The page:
Rosetta is the European Space Agency’s comet-chasing mission to 67P/Churyumov-Gerasimenko. Launched on 2 March 2004 the spacecraft travelled for 10 years before homing in on its destination, requiring three vital gravity assist flybys at Earth and one at Mars to set course with the comet. Rosetta is the first spacecraft to rendezvous with a comet and the first to deploy a lander on the surface of a comet nucleus. While previous comet missions have only spent fleeting moments flying past their targets at high velocity, Rosetta ia the first spacecraft to fly alongside a comet as it heads towards the inner Solar System, watching how its ices are transformed by the warmth of the Sun. Rosetta will then continue to follow the comet for several months beyond its closest approach to the Sun, watching how the comet’s activity subsides again.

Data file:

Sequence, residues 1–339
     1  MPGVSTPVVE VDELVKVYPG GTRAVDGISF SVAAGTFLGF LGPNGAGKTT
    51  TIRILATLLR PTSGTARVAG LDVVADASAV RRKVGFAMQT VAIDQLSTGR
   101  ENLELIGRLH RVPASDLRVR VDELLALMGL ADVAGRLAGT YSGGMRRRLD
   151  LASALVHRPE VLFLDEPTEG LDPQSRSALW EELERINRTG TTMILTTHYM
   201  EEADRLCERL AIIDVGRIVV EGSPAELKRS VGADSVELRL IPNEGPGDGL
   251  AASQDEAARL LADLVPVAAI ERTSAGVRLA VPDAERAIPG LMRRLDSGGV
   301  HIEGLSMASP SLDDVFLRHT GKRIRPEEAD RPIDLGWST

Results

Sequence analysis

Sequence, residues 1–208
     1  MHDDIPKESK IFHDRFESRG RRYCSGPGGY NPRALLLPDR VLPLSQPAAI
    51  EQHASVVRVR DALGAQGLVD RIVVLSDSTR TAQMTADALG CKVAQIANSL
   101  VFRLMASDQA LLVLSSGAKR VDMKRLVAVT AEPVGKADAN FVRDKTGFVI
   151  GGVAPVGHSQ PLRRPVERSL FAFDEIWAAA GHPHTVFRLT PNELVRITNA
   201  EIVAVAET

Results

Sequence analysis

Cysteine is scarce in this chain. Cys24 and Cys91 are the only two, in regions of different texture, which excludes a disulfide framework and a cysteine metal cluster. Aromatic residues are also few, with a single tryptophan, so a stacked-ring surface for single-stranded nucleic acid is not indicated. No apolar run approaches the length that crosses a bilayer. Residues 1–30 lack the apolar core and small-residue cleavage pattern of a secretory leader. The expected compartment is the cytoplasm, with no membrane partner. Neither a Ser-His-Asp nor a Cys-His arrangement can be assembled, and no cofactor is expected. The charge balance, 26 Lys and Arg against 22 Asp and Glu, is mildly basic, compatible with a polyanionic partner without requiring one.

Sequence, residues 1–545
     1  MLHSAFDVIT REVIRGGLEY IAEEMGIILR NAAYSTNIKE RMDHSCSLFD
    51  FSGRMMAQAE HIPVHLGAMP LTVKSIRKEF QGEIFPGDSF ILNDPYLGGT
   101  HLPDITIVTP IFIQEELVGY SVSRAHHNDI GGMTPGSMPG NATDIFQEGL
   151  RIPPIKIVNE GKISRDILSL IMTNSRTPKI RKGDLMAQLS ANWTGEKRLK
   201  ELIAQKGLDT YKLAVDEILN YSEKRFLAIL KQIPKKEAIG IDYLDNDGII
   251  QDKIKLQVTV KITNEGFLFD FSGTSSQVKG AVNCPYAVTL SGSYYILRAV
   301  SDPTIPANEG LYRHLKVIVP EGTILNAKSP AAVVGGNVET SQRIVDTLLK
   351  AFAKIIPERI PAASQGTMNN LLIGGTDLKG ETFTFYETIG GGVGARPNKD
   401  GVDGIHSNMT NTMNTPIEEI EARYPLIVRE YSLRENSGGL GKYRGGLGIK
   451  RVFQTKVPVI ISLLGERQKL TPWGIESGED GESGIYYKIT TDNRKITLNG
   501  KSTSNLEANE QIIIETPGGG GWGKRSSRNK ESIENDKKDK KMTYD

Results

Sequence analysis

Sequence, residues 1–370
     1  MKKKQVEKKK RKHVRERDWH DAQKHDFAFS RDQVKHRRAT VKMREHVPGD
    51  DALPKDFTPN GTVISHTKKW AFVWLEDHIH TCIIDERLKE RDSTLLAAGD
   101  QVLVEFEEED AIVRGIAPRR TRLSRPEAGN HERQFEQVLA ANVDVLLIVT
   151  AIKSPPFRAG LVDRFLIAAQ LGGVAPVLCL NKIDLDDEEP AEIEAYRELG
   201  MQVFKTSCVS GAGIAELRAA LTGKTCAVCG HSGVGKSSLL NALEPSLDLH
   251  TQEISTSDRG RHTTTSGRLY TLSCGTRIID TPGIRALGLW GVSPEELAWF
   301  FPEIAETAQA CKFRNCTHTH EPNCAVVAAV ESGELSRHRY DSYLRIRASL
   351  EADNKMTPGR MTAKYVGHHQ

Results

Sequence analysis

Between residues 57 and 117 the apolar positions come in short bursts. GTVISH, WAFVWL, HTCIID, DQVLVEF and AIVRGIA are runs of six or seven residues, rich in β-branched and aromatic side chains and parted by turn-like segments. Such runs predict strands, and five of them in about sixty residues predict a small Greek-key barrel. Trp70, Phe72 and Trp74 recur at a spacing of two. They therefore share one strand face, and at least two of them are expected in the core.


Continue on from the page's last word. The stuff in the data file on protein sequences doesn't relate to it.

The Rosetta mission was named after the famous Rosetta stone thatalmost 200 years ago,led to the deciphering of Egyptian hieroglyphics. Rosetta’s lander Philae is named for the island in the River Nile on which an obelisk was found that had a bilingual inscription that enabled the hieroglyphs of the Rosetta Stone to be deciphered. Scientists hope that by studying a comet close up and for an extended period of time, the comet-chasing spacecraft by the same name will unlock the mysteries of how the Solar System evolved.


Comets are considered the most primitive building blocks of our cosmic neighbourhood, surviving the Solar System’s chaotic 4.6 billion year history. Laced with ice and organic materials, cometsprobablyhelped ‘seed’ the Earth with water, and maybe even the ingredients for life. As such, comets are considered the Rosetta Stones of the Solar System, and ESA’s Rosetta mission is set to unlock the secrets of these icy treasure chests.